That religion or the duty which we owe to our Creator, and the manner of discharging it, can be directed only by reason and conviction, not by force or violence; and, therefore, all men are equally entitled to the free exercise of religion, according to the dictates of conscience; and that it is the mutual duty of all to practice Christian forbearance, love, and charity towards each other. No man shall be compelled to frequent or support any religious worship, place, or ministry whatsoever, nor shall be enforced, restrained, molested, or burthened in his body or goods, nor shall otherwise suffer on account of his religious opinions or belief; but all men shall be free to profess and by argument to maintain their opinions in matters of religion, and the same shall in nowise diminish, enlarge, or affect their civil capacities. And the General Assembly shall not prescribe any religious test whatever, or confer any peculiar privileges or advantages on any sect or denomination, or pass any law requiring or authorizing any religious society, or the people of any district within this Commonwealth, to levy on themselves or others, any tax for the erection or repair of any house of public worship, or for the support of any church or ministry; but it shall be left free to every person to select his religious instructor, and to make for his support such private contract as he shall please.    (emph. added)

Presumably TEC are not so foolish as to appeal on federal constitutional grounds, though I guess I wouldn’t put it past them to try, so their action would have to be based on the above passage.

As I read it, their only hope for voiding the division statute is “particular advantage,” yet even that phrase could easily be interpreted to find that voiding the division statute would confer a “particular advantage” to hierarchical churches.

Since the existence of a “division” is now a finding of fact (very rarely ever reversed on appeal), it would appear that TEC don’t have a lot to work with. Thus I hope the court severely slaps TEC for its egregious lack of “Christian forbearance, love, and charity.”

May 29, 9:24 am | [comment link]
16. David Keller wrote:

#14 Doug—I belong to a club here in my home town.  There is a duly elected and representative board of directors.  If they passed a by-law that said “if you try to leave the club, we get to keep your house”, would it be legal?

May 29, 10:04 am | [comment link]
17. Cole wrote:

It is so nice to here such legal arguments relating to a so called Christian church.  Kind of reminds me of the logic of the bullies in the grade school playground.  “We can steal your lunch money because our little clique created a Dennis Canon.”

May 29, 10:49 am | [comment link]
18. CanaAnglican wrote:

14. Doug, You are right they did take vows to the Episcopal Church when it was a Christian Church.  Then that august body morphed itself out of being a Christian Church into something entirely different.*  When the nature of the body to which the vows have been taken changes so much as to be the reverse of its former self all bets are off.  At that point it is time not to walk but to run for the nearest exit.


* The new TEC:

* Christ is not Christ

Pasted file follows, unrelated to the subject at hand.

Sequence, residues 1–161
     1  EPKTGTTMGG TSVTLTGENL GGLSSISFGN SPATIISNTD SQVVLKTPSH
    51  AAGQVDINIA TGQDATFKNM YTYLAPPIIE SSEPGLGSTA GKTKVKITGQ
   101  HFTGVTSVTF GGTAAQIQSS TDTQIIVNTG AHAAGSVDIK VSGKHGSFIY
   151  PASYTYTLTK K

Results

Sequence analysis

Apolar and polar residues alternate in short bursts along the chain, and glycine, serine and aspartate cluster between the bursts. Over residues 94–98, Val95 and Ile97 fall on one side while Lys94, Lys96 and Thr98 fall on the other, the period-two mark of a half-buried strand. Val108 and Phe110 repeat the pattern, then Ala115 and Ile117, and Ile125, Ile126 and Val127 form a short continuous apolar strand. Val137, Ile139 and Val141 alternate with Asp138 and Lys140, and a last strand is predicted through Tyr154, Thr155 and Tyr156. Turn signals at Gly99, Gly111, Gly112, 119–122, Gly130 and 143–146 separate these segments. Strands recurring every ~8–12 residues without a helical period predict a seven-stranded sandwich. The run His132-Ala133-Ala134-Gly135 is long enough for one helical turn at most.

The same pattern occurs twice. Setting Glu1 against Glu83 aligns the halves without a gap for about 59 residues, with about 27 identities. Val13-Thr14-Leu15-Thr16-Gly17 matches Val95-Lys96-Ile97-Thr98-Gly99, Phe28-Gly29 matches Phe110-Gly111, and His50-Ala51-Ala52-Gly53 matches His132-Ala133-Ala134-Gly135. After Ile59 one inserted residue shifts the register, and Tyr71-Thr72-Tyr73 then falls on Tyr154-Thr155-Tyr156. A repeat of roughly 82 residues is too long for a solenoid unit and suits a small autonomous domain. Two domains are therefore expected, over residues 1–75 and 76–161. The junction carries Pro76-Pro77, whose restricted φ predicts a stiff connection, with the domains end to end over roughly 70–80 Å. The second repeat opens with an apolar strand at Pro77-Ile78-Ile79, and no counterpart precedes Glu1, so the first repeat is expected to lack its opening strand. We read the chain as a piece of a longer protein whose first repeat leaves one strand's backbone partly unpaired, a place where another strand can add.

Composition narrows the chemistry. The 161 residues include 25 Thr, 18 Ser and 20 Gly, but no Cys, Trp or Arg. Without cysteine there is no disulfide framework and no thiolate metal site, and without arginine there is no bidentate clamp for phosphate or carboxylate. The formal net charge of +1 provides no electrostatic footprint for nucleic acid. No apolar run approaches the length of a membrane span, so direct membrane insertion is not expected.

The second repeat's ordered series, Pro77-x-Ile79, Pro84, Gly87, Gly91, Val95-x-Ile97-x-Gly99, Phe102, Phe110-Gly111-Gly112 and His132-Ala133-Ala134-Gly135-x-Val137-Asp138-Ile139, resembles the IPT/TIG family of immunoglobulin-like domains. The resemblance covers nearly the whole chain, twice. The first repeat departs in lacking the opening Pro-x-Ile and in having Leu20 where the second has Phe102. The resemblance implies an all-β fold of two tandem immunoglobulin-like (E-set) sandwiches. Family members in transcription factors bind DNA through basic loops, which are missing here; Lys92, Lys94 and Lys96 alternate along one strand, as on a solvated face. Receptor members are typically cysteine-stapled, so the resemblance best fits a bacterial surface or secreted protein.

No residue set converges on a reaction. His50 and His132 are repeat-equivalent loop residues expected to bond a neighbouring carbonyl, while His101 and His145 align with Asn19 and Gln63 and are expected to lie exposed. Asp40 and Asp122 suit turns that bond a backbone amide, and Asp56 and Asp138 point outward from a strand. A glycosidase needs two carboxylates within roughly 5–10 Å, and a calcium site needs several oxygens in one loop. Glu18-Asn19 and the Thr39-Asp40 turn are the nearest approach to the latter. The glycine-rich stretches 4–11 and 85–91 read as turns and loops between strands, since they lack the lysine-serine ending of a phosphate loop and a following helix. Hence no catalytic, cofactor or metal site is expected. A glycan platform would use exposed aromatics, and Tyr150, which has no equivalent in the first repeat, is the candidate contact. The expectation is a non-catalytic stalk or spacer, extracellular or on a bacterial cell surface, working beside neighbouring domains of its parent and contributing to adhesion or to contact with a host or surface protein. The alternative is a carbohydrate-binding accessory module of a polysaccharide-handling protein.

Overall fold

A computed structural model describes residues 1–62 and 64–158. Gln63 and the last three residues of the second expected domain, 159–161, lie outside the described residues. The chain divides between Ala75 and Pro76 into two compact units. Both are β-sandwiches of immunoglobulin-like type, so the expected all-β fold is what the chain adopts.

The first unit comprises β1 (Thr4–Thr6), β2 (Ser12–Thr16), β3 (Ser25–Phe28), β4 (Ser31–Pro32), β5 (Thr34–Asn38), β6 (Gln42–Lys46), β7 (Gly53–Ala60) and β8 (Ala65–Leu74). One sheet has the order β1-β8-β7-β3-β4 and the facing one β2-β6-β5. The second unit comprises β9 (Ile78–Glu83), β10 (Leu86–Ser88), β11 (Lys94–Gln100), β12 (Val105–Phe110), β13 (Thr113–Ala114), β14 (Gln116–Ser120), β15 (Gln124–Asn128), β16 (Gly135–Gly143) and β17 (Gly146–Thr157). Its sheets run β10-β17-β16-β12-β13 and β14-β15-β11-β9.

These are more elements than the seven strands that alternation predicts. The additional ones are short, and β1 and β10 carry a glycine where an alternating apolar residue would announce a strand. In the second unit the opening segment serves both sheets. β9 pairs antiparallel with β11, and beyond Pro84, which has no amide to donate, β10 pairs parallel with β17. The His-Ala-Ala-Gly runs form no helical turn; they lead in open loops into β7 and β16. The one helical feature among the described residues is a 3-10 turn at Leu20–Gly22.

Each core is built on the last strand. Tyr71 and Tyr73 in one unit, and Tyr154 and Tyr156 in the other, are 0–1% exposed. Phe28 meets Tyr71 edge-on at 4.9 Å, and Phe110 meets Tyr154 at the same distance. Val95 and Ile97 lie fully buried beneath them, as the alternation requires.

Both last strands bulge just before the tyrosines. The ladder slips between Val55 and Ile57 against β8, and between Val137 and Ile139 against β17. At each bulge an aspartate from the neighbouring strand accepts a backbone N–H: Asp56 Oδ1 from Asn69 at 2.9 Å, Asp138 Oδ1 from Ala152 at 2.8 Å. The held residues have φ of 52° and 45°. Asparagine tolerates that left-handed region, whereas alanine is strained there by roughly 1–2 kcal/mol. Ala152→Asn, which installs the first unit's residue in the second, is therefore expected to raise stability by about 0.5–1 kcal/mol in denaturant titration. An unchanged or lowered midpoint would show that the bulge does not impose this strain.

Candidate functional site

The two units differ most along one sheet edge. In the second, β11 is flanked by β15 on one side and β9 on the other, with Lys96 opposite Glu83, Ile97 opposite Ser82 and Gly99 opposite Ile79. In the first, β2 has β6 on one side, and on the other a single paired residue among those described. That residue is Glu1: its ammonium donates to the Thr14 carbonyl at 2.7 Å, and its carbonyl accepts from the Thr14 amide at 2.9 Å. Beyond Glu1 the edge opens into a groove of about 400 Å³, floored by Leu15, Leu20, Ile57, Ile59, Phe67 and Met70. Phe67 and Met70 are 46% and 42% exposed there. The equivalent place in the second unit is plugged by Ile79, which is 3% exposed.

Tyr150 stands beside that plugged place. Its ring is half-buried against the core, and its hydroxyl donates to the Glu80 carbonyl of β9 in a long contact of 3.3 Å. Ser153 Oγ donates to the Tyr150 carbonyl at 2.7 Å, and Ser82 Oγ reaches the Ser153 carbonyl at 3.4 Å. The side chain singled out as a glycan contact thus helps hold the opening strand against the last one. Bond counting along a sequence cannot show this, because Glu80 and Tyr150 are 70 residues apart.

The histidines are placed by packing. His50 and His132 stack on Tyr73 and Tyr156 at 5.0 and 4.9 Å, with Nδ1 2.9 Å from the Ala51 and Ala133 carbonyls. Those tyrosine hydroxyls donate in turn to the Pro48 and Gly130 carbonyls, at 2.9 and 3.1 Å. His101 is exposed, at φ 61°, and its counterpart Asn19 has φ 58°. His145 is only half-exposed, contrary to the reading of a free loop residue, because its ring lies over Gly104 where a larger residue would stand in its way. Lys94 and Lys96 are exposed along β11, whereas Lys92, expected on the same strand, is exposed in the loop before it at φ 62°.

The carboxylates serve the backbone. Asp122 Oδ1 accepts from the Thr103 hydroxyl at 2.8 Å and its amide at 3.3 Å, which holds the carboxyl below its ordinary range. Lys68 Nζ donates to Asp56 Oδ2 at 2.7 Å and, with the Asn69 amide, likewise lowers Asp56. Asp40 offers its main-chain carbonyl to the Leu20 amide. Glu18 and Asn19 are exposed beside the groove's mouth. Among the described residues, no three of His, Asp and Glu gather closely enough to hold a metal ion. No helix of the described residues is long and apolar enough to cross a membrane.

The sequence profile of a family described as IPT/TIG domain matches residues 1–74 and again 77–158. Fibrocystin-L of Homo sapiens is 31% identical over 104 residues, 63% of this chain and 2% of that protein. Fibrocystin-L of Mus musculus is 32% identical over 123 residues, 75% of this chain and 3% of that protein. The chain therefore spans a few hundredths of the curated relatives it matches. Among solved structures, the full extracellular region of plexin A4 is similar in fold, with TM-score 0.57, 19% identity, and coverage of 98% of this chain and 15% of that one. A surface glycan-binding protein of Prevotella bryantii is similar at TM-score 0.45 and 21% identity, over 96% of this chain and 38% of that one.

* God will not judge sin
* The Bible is not our guide
* We are not to judge sin in the church
* heresy is better than schism
* We are in charge here
* Sue the Christians
* All paths lead to heaven
* Feed the starving, but be sure to not corrupt them with the gospel

May 29, 11:02 am | [comment link]
19. Cole wrote:

#18: Yes, that is really the point.  Mankind (and clergy) have their first loyalty to God.  Too bad we have so many imposters walking around wearing cleric collars that don’t believe what I just stated.  Strong statement .... You bet!  If the shoe fits, wear it.

May 29, 11:12 am | [comment link]
20. Philip Snyder wrote:

Doug (#14)
That vow is in response to the question “Will you be loyal to the doctrine, discipline, and worship of Christ as this Church has received them? (bold mine)”
The “has recevied” is important.  It indicates that the “doctrine, discipline, and worship of Christ” has been received.  We don’t get to make it up, we receive it.  What happens when the leadership of the Church is no longer “loyal to the doctrine, discipline, and worship of Christ as this Church has received them?”  When the discipline of the Church violates the doctrine of the Church, then the doctrine must take place and we are asking for a lack of any discipline - except power and what can be inforced.  This is what is happening today.

Phil Snyder

May 29, 11:45 am | [comment link]
21. Doug Martin wrote:

Phil (#20)
With great respect for the opinion of Phil Snyder, whom I have always found to be one of the more logical and thoughtful contributors to this blog, I beg to differ.  The phrase you used is indeed present in the Ordination of a Priest.  I do not find it in the BCP in the Ordination of a Bishop (pg 513).  Without quoting the Declaration in its entirety the BCP notes that “the PB requires the following promise from the Bishop-elect” and having been given “the PB signs the Declaration in sight of all present” and it is witnessed.  Pretty clear and binding stuff.

Even if it were present, the issue still remains as to “who decides”.

In the Examination, the PB notes “You are called to guard the faith, unity, and discipline of the church…” as an obligation of a Bishop and the response is “I am so persuaded”.